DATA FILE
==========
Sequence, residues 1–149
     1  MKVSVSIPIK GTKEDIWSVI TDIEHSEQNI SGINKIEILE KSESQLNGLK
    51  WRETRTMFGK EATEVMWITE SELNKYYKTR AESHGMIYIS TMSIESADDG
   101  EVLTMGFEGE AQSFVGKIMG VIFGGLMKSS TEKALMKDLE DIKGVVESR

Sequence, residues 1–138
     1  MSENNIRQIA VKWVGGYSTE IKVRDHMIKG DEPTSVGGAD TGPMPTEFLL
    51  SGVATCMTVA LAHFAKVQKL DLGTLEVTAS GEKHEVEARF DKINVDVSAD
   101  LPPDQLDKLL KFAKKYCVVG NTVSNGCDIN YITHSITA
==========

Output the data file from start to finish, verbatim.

Sequence, residues 1–149
     1  MKVSVSIPIK GTKEDIWSVI TDIEHSEQNI SGINKIEILE KSESQLNGLK
    51  WRETRTMFGK EATEVMWITE SELNKYYKTR AESHGMIYIS TMSIESADDG
   101  EVLTMGFEGE AQSFVGKIMG VIFGGLMKSS TEKALMKDLE DIKGVVESR

Sequence, residues 1–138
     1  MSENNIRQIA VKWVGGYSTE IKVRDHMIKG DEPTSVGGAD TGPMPTEFLL
    51  SGVATCMTVA LAHFAKVQKL DLGTLEVTAS GEKHEVEARF DKINVDVSAD
   101  LPPDQLDKLL KFAKKYCVVG NTVSNGCDIN YITHSITA